WOMEN’S HISTORY AND SOCIAL SECURITY
Mar 23, 2016, 5:24 p.m.
Ida May Fuller, born on September 6, 1874, was the first American to receive a monthly Social Security benefit check. Along with Secretary of Labor Frances Perkins — who was instrumental in the creation of the Social Security Act — Ida May Fuller was one of the first famous women of Social Security. She received the check, amounting to $22.54, on January 31, 1940. Back then, people understood that she would be one of millions that would be positively affected by retirement benefits.
Seventy-six years after that first check, Social Security continues to play a vital role in the lives of women. With longer life expectancies than men, women tend to live more years in retirement and have a greater chance of exhausting other sources of income. In fact, 60% of all people receiving Social Security benefits today are women and 68% of those over the age of 85 are women. With the national average life expectancy for women in the United States rising, many women will have decades to enjoy retirement. According to the U.S. Census Bureau, a girl born today can expect to live more than 80 years. As a result, experts generally agree that if women want to ensure that their retirement years are comfortable, they need to plan early and wisely.
What you can do
“The best place to begin is by knowing what you can expect to receive from Social Security, and how much more you are likely to need to enjoy a comfortable retirement,” said Carolyn W. Colvin, Social Security’s Acting Commissioner and a Social Security pioneer woman in her own right.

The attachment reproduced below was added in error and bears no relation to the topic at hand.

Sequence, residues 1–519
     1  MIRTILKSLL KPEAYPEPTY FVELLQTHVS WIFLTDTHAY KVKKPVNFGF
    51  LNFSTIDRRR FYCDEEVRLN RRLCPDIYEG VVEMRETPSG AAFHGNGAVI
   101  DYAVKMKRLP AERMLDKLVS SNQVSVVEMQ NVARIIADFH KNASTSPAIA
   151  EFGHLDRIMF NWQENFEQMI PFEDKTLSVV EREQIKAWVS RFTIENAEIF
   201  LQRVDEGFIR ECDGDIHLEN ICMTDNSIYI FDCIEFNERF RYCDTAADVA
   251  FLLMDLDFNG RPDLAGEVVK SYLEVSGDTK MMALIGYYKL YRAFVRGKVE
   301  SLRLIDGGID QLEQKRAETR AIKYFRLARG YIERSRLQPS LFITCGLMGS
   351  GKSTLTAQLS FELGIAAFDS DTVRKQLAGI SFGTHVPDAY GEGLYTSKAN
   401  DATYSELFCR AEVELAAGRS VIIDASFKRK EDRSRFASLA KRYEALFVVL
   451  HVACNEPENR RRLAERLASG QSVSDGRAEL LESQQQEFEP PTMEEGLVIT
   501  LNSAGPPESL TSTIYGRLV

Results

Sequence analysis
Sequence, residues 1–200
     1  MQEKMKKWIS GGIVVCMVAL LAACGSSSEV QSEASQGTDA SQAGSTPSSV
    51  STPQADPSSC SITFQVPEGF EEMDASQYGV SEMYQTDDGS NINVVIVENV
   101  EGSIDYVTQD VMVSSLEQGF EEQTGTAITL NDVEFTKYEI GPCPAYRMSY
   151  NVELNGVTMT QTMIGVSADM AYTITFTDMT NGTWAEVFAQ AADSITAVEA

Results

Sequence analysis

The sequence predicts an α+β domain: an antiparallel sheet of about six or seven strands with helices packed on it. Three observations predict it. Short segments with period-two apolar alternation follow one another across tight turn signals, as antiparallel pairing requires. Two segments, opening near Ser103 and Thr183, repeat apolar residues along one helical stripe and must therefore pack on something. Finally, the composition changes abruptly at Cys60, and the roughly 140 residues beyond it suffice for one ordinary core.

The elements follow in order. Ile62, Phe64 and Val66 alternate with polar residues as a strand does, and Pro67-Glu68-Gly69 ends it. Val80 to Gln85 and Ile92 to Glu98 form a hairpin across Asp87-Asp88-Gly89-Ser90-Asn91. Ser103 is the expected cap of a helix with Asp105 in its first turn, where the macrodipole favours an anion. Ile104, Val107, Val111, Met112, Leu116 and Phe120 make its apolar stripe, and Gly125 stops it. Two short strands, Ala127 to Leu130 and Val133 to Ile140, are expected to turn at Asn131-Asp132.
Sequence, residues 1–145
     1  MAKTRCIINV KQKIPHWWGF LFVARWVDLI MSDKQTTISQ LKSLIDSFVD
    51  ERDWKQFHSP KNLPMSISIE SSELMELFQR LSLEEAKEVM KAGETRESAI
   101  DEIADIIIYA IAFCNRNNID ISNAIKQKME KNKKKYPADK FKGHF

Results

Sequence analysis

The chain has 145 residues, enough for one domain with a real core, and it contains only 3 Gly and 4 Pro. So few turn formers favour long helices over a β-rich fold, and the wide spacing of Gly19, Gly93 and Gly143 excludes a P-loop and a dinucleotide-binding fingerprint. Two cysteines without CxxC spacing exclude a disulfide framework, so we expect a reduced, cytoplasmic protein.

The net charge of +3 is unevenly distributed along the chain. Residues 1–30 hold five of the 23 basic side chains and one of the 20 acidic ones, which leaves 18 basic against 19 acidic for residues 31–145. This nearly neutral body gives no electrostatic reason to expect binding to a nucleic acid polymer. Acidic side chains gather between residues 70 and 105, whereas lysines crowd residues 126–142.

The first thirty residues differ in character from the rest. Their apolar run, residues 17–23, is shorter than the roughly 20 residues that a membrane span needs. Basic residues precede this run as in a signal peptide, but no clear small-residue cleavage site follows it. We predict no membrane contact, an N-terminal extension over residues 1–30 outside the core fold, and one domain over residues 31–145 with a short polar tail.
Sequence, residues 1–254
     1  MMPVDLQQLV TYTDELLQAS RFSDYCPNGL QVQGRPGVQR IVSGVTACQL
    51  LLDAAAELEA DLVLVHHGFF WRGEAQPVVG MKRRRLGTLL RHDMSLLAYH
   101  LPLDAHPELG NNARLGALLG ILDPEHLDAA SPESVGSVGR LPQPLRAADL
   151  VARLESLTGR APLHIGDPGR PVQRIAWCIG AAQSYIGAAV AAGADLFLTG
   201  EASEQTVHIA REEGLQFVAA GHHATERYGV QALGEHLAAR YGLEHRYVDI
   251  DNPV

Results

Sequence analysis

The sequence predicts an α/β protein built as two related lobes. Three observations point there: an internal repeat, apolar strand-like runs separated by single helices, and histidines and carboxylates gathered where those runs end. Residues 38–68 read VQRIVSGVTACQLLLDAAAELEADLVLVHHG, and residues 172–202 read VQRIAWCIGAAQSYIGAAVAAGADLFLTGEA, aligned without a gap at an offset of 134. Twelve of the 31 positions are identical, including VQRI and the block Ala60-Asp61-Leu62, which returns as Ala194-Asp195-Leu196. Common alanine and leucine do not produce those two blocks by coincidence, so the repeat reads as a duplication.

You can start with a visit to Social Security’s Retirement Estimator. There, in just a few minutes, you can get a personalized, instant estimate of your retirement benefits. Plug in different scenarios, such as retirement ages or projected earnings, to get an idea of how such things might change your future benefit amounts. You can find it at www.socialsecurity.gov/estimator.
You should also visit Social Security’s financial planning website at www.socialsecurity.gov/planners. It provides detailed information about how marriage, widowhood, divorce, self-employment, government service, and other life or career events can affect your Social Security.
Your benefits are based on your earnings, so you should create your personal my Social Security account to verify that your earnings were reported correctly.
If you want more information about the role of Social Security in women’s lives today, Social Security has a booklet that you may find useful. It is called Social Security: What Every Woman Should Know. You can find it online at www.socialsecurity.gov/pubs/10127.html.
Kirk Larson is a Social Security Administration Public Affairs Specialist located in Seattle and serving Western Washington.